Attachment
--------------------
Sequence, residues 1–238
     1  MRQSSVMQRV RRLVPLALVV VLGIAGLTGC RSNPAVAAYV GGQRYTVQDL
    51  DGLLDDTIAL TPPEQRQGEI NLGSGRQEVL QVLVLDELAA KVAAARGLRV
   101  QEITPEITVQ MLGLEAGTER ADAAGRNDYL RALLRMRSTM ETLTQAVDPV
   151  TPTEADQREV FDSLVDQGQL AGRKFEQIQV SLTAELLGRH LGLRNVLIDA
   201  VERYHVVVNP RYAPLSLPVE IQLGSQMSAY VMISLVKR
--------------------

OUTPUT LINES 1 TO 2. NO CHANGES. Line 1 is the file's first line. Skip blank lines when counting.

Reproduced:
Sequence, residues 1–238
     1  MRQSSVMQRV RRLVPLALVV VLGIAGLTGC RSNPAVAAYV GGQRYTVQDL